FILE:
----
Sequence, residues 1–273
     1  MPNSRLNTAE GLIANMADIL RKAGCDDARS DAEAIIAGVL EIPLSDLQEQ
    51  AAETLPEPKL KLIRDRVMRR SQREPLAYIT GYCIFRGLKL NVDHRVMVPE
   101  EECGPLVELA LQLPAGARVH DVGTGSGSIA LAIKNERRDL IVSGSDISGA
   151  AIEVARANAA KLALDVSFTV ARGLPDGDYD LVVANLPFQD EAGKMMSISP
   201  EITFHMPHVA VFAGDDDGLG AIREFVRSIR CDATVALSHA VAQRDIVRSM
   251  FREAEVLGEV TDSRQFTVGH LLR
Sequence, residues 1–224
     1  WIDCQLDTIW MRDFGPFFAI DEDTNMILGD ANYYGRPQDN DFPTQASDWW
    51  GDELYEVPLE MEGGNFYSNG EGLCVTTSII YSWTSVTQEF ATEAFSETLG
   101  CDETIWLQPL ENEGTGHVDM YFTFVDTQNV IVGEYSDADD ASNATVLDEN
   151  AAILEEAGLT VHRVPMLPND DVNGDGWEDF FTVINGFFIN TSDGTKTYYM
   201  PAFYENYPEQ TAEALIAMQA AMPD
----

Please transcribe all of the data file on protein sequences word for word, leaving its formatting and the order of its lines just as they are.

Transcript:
Sequence, residues 1–273
     1  MPNSRLNTAE GLIANMADIL RKAGCDDARS DAEAIIAGVL EIPLSDLQEQ
    51  AAETLPEPKL KLIRDRVMRR SQREPLAYIT GYCIFRGLKL NVDHRVMVPE
   101  EECGPLVELA LQLPAGARVH DVGTGSGSIA LAIKNERRDL IVSGSDISGA
   151  AIEVARANAA KLALDVSFTV ARGLPDGDYD LVVANLPFQD EAGKMMSISP
   201  EITFHMPHVA VFAGDDDGLG AIREFVRSIR CDATVALSHA VAQRDIVRSM
   251  FREAEVLGEV TDSRQFTVGH LLR
Sequence, residues 1–224
     1  WIDCQLDTIW MRDFGPFFAI DEDTNMILGD ANYYGRPQDN DFPTQASDWW
    51  GDELYEVPLE MEGGNFYSNG EGLCVTTSII YSWTSVTQEF ATEAFSETLG
   101  CDETIWLQPL ENEGTGHVDM YFTFVDTQNV IVGEYSDADD ASNATVLDEN
   151  AAILEEAGLT VHRVPMLPND DVNGDGWEDF FTVINGFFIN TSDGTKTYYM
   201  PAFYENYPEQ TAEALIAMQA AMPD